UZH-Logo

Maintenance Infos

Pulmonary rehabilitation following exacerbations of chronic obstructive pulmonary disease


Puhan, M A; Gimeno-Santos, E; Scharplatz, M; Troosters, T; Walters, E H; Steurer, J (2011). Pulmonary rehabilitation following exacerbations of chronic obstructive pulmonary disease. Cochrane Database of Systematic Reviews, (10):CD005305.

Abstract

BACKGROUND:

Pulmonary rehabilitation has become a cornerstone in the management of patients with stable Chronic Obstructive Pulmonary Disease (COPD). Systematic reviews have shown large and important clinical effects of pulmonary rehabilitation in these patients. However, in unstable COPD patients who have recently suffered an exacerbation, the effects of pulmonary rehabilitation are less established.
OBJECTIVES:

To assess the effects of pulmonary rehabilitation after COPD exacerbations on future hospital admissions (primary outcome) and other patient-important outcomes (mortality, health-related quality of life and exercise capacity).
SEARCH STRATEGY:

Trials were identified from searches of CENTRAL, MEDLINE, EMBASE, PEDRO and the Cochrane Airways Group Register of Trials. Searches were current as of March 2010.
SELECTION CRITERIA:

Randomized controlled trials comparing pulmonary rehabilitation of any duration after exacerbation of COPD with conventional care. Pulmonary rehabilitation programmes needed to include at least physical exercise. Control groups received conventional community care without rehabilitation.
DATA COLLECTION AND ANALYSIS:

We calculated pooled odds ratios and weighted mean differences (MD) using random-effects models. We requested missing data from the authors of the primary studies.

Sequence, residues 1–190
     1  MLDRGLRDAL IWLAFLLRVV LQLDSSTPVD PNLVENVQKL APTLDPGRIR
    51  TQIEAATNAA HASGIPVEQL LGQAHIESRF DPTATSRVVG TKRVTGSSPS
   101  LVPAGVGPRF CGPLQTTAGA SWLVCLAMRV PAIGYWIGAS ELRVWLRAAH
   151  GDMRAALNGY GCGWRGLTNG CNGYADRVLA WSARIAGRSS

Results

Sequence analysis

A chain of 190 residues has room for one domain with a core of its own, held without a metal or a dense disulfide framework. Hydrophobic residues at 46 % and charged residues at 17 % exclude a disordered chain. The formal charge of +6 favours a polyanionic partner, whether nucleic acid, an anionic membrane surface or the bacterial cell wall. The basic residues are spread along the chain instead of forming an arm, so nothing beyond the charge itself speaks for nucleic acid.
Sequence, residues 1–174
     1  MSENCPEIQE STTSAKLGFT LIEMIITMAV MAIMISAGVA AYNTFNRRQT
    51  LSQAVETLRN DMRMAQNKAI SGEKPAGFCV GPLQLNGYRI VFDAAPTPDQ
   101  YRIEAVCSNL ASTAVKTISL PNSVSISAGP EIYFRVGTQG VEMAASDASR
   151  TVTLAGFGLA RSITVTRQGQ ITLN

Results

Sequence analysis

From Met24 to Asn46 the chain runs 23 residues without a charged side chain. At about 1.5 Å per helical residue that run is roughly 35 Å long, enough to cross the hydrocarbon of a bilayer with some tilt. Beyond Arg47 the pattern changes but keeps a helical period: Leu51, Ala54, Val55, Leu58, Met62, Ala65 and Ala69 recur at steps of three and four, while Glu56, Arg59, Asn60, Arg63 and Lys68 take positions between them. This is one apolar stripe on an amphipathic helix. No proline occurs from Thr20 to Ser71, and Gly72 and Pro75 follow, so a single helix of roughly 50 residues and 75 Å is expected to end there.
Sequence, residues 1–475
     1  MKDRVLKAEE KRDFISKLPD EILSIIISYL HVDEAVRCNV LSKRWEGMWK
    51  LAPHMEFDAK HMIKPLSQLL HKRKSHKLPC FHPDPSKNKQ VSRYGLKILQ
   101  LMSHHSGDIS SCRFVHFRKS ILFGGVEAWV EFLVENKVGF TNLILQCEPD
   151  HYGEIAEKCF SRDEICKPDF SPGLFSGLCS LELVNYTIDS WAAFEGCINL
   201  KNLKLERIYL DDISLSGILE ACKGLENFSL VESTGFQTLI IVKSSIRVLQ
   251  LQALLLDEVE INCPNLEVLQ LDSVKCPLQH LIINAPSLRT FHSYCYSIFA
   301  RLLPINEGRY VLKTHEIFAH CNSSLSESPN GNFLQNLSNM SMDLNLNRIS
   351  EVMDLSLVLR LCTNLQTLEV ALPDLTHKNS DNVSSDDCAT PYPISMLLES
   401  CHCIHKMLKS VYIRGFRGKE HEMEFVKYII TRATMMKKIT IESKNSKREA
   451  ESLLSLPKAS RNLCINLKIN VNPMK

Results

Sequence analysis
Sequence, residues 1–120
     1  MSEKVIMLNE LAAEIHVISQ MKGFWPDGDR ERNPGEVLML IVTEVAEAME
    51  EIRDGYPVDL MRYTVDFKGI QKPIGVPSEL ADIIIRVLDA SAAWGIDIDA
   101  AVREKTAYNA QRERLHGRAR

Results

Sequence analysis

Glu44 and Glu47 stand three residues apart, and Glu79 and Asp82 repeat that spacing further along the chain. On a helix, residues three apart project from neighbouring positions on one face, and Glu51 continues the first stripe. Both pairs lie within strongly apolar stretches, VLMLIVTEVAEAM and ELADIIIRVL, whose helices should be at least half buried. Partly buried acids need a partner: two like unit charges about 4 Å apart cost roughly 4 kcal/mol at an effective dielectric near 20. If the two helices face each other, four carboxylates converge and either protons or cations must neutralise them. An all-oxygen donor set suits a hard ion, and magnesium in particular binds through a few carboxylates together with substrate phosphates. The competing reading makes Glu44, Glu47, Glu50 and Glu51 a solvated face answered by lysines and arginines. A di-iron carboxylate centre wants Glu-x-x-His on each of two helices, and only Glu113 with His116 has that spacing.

MAIN RESULTS:

We identified nine trials involving 432 patients. Pulmonary rehabilitation significantly reduced hospital admissions (pooled odds ratio 0.22 [95% CI 0.08 to 0.58], number needed to treat (NNT) 4 [95% CI 3 to 8], over 25 weeks) and mortality (OR 0.28; 95% CI 0.10 to 0.84), NNT 6 [95% CI 5 to 30] over 107 weeks). Effects of pulmonary rehabilitation on health-related quality of life were well above the minimal important difference when measured by the Chronic Respiratory Questionnaire (MD for dyspnea, fatigue, emotional function and mastery domains between 0.81 (fatigue; 95% CI 0.16 to 1.45) and 0.97 (dyspnea; 95% CI 0.35 to 1.58)) and the St. Georges Respiratory Questionnaire total score (MD -9.88; 95% CI -14.40 to -5.37); impacts domain (MD -13.94; 95% CI -20.37 to -7.51) and for activity limitation domain (MD -9.94; 95% CI -15.98 to -3.89)). The symptoms domain of the St. Georges Respiratory Questionnaire showed no significant improvement. Pulmonary rehabilitation significantly improved exercise capacity and the improvement was above the minimally important difference (six-minute walk test (MD 77.70 meters; 95% CI 12.21 to 143.20) and shuttle walk test (MD 64.35; 95% CI 41.28 to 87.43)). No adverse events were reported in three studies.
AUTHORS' CONCLUSIONS:

Evidence from nine small studies of moderate methodological quality, suggests that pulmonary rehabilitation is a highly effective and safe intervention to reduce hospital admissions and mortality and to improve health-related quality of life in COPD patients who have recently suffered an exacerbation of COPD.

Abstract

BACKGROUND:

Pulmonary rehabilitation has become a cornerstone in the management of patients with stable Chronic Obstructive Pulmonary Disease (COPD). Systematic reviews have shown large and important clinical effects of pulmonary rehabilitation in these patients. However, in unstable COPD patients who have recently suffered an exacerbation, the effects of pulmonary rehabilitation are less established.
OBJECTIVES:

To assess the effects of pulmonary rehabilitation after COPD exacerbations on future hospital admissions (primary outcome) and other patient-important outcomes (mortality, health-related quality of life and exercise capacity).